If the trial judge's recollection does not agree exactly with the statement contained in the proposed case, he has a right to settle the case according to the facts as shown by the evidence presented to him on this motion and his own recollection; but he had no right to strike out an entire statement of the occurrence by allowing plaintiff's proposed amendment numbered XIX, and the case must be resettled to allow the trial judge to settle a statement of what did occur.
Amendment No. XX was properly allowed.
Amendment No. XXI, though I think unimportant, contains a statement purporting to be by the court, but which the stenographer admits is his own language, and should be disallowed.
One further small amendment to the statement of evidence was also allowed. It does not seem to be disputed that the original case contained the answer as actually given to the witness. The part stricken out is probably immaterial, but that is a point that should not now be considered, and this amendment, No. I, should therefore also have been disallowed.
Order is therefore reversed, with $10 costs and disbursements, and case remitted for resettlement in accordance with this opinion. All concur.
(89 Misc. Rep. 616)
CHURCH et al.
Under Negotiable Instrument Law (Consol. Laws, c. 38) $ 39, provid. ing that where the instrument contains, or a person adds to his signature, words indicating that he signs in behalf of a principal or in a representative capacity, he is not liable, if duly authorized, and section 74, providing that, where any person is under obligation to indorse in a representative capacity, he may indorse in such terms as to negative personal liability, an indorsement on a note, signed by a church and its president and treasurer, which contains the name of the church, the names of the president and treasurer, and the words "Finance Committee," followed by the names of the persons constituting the committee, does not make the individuals personally liable.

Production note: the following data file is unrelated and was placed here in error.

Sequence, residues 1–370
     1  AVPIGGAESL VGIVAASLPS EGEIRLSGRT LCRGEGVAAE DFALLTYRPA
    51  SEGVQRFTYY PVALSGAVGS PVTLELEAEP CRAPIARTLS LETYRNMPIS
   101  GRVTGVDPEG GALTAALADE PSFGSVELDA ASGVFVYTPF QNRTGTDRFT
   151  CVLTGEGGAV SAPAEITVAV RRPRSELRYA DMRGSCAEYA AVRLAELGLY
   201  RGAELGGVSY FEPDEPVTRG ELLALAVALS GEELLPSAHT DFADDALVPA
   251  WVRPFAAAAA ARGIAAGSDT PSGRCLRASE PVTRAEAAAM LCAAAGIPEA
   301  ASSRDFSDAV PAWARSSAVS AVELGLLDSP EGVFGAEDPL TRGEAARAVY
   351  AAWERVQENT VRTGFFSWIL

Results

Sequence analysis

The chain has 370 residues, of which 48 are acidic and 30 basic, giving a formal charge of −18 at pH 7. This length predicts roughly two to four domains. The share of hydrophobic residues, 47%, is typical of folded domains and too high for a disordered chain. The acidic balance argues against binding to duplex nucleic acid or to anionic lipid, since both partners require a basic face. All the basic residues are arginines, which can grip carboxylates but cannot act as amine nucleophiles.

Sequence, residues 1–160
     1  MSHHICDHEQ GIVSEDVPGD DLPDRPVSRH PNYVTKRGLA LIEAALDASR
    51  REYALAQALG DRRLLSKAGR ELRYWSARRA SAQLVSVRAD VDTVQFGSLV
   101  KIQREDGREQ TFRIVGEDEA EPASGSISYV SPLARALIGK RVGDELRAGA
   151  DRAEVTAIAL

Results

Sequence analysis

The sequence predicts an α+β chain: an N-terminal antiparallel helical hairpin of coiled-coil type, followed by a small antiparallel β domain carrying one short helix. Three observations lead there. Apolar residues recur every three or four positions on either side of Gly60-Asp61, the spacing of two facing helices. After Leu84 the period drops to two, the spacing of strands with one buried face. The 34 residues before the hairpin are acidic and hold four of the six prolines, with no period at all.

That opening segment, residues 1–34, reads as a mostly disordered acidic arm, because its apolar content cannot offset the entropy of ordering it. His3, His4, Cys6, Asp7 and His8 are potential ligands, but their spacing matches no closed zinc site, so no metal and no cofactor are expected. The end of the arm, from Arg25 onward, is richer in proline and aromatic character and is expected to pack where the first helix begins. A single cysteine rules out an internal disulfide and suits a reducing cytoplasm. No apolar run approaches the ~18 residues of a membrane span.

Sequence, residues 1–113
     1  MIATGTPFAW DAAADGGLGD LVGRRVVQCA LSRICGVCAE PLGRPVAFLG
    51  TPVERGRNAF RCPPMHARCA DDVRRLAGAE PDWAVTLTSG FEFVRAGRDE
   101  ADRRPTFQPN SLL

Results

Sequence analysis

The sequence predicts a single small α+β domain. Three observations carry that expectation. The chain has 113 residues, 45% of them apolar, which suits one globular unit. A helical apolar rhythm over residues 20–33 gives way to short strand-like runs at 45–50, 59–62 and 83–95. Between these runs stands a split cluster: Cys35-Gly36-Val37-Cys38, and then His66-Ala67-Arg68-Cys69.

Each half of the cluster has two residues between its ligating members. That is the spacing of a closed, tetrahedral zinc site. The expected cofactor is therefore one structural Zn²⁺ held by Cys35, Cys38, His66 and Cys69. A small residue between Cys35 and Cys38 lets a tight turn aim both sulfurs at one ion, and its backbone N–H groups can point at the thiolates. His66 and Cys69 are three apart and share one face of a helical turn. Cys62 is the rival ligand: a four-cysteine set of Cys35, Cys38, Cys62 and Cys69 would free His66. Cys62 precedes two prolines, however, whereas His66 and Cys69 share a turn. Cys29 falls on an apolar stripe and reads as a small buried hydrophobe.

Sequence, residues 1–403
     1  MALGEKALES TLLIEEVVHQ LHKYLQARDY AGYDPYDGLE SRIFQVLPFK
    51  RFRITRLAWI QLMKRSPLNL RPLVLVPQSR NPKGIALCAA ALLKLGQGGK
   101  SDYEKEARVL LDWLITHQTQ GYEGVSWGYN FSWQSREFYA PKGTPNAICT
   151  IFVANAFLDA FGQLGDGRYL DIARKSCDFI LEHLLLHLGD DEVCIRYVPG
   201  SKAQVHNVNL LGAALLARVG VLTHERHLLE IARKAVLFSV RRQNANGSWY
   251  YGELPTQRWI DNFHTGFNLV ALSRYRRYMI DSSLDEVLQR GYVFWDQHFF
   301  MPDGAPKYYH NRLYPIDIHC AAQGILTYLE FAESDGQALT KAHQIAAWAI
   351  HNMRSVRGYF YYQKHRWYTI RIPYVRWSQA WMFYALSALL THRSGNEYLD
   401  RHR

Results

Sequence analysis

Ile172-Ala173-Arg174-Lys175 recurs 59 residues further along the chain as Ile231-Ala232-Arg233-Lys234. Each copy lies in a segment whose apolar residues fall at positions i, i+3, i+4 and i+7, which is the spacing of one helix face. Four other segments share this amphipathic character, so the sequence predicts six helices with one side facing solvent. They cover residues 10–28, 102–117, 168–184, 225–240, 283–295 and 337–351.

[Ed. Note. For other cases, see Bills and Notes, Cent. Dig. $ 651 ; Dec.
Shaw, Fisk & Shaw, of New York City, for plaintiff.
RANSOM, J. The plaintiff bank is entitled to judgment against
August 19, 1914.
"First United Presbyteriau Church,
“Pres. John Elliott.
"Treas. Edward A. Shea. "No. 41846. Due 9/18."
On the back of the note appears the following indorsement:
"First United Presbyterian Church, John Elliott, Pres. Edward A. Shea, Treas. Finance Committee, John Elliott, Edward A. Shea, John McKee.”
The plaintiff bank does not assert that Elliott or Shea have any liability, individually or jointly with the corporation, as makers of the note, which is conceded to be the authorized obligation of the church corporation, executed and delivered for its purposes, and payable to its order. The plaintiff's claim is rather that Shea, Elliott, and McKee are personally liable as indorsers of the corporate note, because of the conceded presence of their signatures in the indorsement above quoted. I am not of the opinion that the context of these signatures of attestation is such as possibly to impose upon any one of the three officers so signing any collateral contract of individual liability. Babcock v. Beman, il N. Y. 200. Under the undoubted weight Om For other cases see same topic & KEY-NUMBER in all Key-Numbered Digests & Indexes